Improved verification of suicidal ideation and suicide attempt through natural language processing

This study presents a scalable Natural Language Processing approach that receives as input a list of text expressions describing a clinical result of interest (result query), examines all clinical notes from the EHR, and calculates the degree of relevance of the result for each patient with text expressions in the input. Notes. The output of this NLP system is a categorized list of patients as potential outcomes of interest so that the most relevant patients in the list are ranked at the top. All methods were performed in accordance with relevant guidelines and regulations. The study was approved by the Institutional Review Board (IRB) at Vanderbilt University Medical Center (VUMC) with waiver of approval (IRB #151156).

Clinical population

The clinical data used in this study was extracted from a synthetic derivative, which is a research-oriented data repository containing a de-identified version of VUMC’s electronic health records.16. As of December 2021, this repository stores >200 million banknotes for more than 3.4 million patients. Specific data items extracted from synthetic derivatives include clinical notes, psychiatric figures, demographics data, International Classification of Diseases, 9th/10th revision, and clinical modification (ICD-9/10-CM) billing codes.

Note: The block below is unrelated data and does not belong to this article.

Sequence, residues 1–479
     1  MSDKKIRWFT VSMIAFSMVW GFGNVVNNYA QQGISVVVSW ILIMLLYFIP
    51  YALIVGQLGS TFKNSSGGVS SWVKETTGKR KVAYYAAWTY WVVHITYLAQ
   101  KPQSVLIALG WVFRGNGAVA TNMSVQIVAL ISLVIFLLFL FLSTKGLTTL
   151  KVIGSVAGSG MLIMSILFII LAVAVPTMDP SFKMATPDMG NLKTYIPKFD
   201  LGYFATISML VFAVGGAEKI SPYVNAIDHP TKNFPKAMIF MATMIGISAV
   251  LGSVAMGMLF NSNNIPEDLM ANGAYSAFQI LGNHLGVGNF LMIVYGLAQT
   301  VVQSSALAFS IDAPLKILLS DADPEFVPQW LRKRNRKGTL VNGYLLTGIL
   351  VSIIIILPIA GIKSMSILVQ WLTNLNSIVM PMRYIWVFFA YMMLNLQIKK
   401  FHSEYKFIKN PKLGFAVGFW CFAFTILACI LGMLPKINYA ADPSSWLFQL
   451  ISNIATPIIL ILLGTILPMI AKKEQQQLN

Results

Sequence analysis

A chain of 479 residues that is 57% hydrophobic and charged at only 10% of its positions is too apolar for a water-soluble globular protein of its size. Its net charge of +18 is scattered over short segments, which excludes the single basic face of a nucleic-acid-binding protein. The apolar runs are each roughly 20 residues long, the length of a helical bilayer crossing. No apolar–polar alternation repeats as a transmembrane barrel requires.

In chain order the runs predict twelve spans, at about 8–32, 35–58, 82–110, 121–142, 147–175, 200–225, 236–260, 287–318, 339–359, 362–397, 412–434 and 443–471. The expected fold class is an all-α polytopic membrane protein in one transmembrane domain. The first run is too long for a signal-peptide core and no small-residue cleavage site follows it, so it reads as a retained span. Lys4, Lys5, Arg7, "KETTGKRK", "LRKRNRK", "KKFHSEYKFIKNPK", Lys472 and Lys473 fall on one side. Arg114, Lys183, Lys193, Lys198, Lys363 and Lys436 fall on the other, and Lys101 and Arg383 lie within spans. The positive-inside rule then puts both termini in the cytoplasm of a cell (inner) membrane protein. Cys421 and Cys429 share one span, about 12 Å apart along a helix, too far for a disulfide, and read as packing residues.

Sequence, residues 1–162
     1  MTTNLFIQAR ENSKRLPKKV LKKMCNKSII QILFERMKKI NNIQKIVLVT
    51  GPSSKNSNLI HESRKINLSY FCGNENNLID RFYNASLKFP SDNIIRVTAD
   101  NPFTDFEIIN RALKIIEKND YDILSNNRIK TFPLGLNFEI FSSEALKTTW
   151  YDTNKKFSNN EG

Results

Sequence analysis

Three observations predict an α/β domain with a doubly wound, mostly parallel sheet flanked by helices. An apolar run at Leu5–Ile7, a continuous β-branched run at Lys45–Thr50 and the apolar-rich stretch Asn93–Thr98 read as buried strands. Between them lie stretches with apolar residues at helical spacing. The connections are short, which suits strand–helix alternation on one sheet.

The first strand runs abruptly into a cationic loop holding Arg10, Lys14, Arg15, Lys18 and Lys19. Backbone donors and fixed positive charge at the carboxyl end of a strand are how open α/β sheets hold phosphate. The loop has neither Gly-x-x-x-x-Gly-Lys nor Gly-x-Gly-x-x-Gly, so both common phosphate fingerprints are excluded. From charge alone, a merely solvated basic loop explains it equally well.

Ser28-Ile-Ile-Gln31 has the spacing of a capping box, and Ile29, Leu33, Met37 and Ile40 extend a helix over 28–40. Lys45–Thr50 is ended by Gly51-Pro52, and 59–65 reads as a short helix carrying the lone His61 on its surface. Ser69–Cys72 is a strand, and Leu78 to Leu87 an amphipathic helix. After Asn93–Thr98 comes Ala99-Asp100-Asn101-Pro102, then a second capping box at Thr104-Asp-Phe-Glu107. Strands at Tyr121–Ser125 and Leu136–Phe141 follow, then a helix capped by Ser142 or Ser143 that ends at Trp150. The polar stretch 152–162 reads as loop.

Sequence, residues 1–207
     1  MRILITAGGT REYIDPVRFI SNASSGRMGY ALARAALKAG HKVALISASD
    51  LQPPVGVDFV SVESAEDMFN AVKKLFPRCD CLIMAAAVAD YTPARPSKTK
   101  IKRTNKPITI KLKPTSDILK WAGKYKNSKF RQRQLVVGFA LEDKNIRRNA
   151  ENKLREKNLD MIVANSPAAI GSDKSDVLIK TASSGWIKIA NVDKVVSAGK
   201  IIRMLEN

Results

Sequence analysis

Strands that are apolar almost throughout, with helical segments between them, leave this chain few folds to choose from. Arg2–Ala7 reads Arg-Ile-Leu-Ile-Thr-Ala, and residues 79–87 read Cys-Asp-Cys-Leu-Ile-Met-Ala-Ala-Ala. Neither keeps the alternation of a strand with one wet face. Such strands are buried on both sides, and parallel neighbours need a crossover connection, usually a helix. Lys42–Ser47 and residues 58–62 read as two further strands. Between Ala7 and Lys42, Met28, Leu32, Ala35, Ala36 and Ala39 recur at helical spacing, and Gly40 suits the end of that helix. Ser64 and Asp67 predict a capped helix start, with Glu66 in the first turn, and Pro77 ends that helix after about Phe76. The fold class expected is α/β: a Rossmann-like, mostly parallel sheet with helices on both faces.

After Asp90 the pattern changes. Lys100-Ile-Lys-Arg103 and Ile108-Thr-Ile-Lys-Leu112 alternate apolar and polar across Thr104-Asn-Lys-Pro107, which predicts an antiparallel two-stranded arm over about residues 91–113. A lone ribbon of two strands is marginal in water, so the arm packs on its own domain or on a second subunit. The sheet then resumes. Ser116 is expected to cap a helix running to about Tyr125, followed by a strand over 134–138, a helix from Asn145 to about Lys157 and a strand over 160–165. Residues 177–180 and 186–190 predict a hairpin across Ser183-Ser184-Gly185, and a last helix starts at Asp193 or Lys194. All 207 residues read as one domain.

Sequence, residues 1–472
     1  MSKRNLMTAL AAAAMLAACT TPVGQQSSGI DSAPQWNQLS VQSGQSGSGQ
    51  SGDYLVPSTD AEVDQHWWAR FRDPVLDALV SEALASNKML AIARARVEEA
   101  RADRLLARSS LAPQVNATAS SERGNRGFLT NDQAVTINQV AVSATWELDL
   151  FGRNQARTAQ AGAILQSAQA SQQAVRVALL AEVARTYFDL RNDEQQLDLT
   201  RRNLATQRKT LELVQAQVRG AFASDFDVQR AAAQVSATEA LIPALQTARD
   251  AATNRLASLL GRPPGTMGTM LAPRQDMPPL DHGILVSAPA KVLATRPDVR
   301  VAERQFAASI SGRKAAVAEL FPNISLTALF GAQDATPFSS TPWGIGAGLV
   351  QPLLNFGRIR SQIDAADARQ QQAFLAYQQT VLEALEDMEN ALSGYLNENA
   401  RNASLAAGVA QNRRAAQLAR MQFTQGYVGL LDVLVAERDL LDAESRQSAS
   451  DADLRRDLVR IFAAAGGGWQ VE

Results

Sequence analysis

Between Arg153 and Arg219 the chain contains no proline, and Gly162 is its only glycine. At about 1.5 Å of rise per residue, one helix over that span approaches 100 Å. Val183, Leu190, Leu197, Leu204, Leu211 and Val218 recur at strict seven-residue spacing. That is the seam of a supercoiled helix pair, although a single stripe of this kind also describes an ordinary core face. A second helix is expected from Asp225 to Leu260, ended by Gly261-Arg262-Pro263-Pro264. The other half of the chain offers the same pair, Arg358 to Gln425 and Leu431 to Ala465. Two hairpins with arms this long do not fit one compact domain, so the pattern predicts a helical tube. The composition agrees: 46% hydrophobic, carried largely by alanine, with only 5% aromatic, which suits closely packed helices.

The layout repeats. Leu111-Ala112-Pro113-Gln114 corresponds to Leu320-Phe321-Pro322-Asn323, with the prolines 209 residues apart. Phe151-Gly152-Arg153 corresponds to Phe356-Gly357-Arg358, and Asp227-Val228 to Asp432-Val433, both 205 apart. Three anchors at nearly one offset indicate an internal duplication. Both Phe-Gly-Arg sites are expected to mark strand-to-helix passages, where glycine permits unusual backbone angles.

A data-driven approach to guide the choice of suicide inquiring terms

We relied on a data-driven approach to automatically extract text expressions describing suicidal thoughts and attempted suicide. Similar to our previous work13we used word2vec from Google ( to recursively expand an initial list of two related keywords, suicide And the “suicidal”. In short, we first trained the gram skip model of word2vec17 On 10 million papers randomly sampled from synthetic derivations to learn word motifs for each word in the observation set. Preprocessing of these notes included encoding, converting symbols to lowercase, and excluding low-frequency symbols and punctuation. To form the model, we used a vector dimension of 100, and context window sizes 5 and 15. Next, we calculated cosine similarity between seed motifs and combined all non-primary words and selected the highest-ranked words as new seed words and potential candidates for suicide query terms. Finally, we analyzed a manually generated seed list to suggest queries for the two suicidal outcomes.

Recovery of suicidal thoughts and attempted suicide

We applied an information retrieval model to classify patients according to their relevance to each suicide query generated in the previous step. The system architecture was designed as a vector space model in which input queries and patients were represented as multidimensional vectors of words or word expressions. Here, each patient vector was extracted from an identification document that included all patient notes. The patient’s fitness for a suicide outcome was measured as similarity between the contralateral patient vector and the suicide query vector using the inverse frequency cosine frequency (TF-IDF) scale. Specifically, for the degree of similarity between the suicide query and the patient yquery term weight I In the patient’s description document y It was calculated as follows:

$$ w_{i,j} = tf_{i,j}\cdot {\text{log}}\frac{N}{{df_{i}}}$$

where fulfilledIJ is the number of occurrences of the term I In the patient’s description document y (term frequency), defenderI is the number of patients whose corresponding descriptive documents contain the term I (document frequency), and n It is the total number of patients in the electronic health record.